Congress's ability to push for change in these areas is limited.

"When you start on the domestic side, Congress has a lot more room to act," said Andrew Grotto, a nonproliferation expert at the Center for American Progress, a liberal think tank. "On public diplomacy and the proliferation elements, Congress's role starts to shift from direct action to more oversight and to funding."

Republicans on the Homeland Security committee offered immediate criticism of the package, arguing that Democrats had not followed through on promises to enact all of the remaining commission recommendations. They complained that Democrats were limiting debate and that many Democrats previously opposed the changes that they are now advocating.

Ranking Republican Rep. Peter T. King (N.Y.), whom Thompson replaced, called it a "missed opportunity."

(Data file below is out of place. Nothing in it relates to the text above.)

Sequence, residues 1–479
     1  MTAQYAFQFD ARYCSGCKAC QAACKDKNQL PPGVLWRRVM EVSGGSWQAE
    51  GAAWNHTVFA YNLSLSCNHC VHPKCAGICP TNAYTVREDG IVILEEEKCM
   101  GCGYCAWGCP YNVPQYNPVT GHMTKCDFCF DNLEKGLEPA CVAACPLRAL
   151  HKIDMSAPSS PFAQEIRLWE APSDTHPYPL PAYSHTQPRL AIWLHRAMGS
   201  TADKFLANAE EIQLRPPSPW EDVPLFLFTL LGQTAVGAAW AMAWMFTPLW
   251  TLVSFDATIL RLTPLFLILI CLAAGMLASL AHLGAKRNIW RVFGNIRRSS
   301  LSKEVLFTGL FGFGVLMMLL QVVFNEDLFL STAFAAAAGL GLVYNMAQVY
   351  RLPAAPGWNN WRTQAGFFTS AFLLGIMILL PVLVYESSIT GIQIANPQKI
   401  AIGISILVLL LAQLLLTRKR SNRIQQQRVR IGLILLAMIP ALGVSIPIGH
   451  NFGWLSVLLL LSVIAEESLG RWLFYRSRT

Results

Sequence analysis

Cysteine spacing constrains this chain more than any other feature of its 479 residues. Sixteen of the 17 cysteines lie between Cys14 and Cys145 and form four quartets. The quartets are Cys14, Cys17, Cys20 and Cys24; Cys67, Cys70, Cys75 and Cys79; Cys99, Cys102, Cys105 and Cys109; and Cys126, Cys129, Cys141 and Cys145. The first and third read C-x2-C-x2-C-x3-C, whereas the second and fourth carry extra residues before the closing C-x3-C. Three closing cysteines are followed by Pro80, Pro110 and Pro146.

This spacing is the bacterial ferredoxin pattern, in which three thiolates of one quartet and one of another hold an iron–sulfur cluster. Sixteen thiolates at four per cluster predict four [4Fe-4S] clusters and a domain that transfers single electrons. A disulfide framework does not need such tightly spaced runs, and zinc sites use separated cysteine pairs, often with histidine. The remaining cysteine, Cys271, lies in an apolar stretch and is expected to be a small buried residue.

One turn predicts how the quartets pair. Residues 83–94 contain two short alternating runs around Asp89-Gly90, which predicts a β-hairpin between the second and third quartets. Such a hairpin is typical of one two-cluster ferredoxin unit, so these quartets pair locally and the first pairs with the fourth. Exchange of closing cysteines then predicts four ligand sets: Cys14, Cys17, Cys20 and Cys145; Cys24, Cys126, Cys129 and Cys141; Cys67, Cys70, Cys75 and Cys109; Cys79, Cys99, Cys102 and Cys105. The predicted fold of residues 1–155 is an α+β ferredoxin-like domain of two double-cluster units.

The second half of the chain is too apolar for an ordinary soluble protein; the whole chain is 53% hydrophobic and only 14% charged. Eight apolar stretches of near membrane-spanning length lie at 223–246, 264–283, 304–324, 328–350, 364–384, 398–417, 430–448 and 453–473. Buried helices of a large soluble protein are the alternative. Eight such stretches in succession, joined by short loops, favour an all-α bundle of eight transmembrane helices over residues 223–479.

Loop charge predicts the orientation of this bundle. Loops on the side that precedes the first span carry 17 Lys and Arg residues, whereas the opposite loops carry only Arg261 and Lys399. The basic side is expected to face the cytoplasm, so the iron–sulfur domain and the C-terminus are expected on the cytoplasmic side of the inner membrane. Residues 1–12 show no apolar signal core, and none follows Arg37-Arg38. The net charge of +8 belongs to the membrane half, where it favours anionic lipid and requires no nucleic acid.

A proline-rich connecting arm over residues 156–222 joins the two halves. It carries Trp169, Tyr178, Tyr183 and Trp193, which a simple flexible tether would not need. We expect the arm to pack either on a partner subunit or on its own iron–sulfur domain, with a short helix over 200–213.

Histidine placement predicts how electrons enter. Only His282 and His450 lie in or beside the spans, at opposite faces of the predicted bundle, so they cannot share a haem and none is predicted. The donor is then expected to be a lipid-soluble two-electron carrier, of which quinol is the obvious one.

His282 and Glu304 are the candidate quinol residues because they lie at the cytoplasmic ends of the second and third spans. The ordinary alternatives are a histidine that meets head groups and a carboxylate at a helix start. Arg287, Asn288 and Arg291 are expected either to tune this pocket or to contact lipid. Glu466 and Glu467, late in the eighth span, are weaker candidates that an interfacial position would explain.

The Sept. 11 commission report focused heavily on reorganizing the U.S. intelligence community and congressional oversight, the global dimension of terrorism in Afghanistan, Pakistan, Saudi Arabia and elsewhere, and the threat of weapons of mass destruction. Domestic recommendations focused on border security, transportation security and protection of critical infrastructure.

The GOP-controlled Congress acted on many of those findings, including targeting terrorist travel, consolidating watch lists and securing commercial aviation. But many of the other changes stalled, such as attempts to set up a biometric border entry and exit system, establish secure ID documents for all Americans and develop plans to protect key private-sector targets.